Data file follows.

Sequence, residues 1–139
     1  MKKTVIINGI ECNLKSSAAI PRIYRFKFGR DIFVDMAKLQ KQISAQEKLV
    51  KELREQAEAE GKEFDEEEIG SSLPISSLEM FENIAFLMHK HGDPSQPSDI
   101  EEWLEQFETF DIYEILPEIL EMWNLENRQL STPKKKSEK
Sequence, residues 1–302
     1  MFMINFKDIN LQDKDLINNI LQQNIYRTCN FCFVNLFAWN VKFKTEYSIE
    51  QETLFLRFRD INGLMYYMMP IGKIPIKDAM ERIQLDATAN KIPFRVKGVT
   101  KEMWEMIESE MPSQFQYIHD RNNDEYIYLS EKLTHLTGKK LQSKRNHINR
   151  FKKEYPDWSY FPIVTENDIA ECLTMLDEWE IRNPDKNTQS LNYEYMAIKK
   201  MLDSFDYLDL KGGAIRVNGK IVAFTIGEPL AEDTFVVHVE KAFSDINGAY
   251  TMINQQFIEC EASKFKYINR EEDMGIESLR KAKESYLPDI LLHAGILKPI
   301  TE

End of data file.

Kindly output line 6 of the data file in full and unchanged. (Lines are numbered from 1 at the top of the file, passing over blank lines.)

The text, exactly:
     1  MFMINFKDIN LQDKDLINNI LQQNIYRTCN FCFVNLFAWN VKFKTEYSIE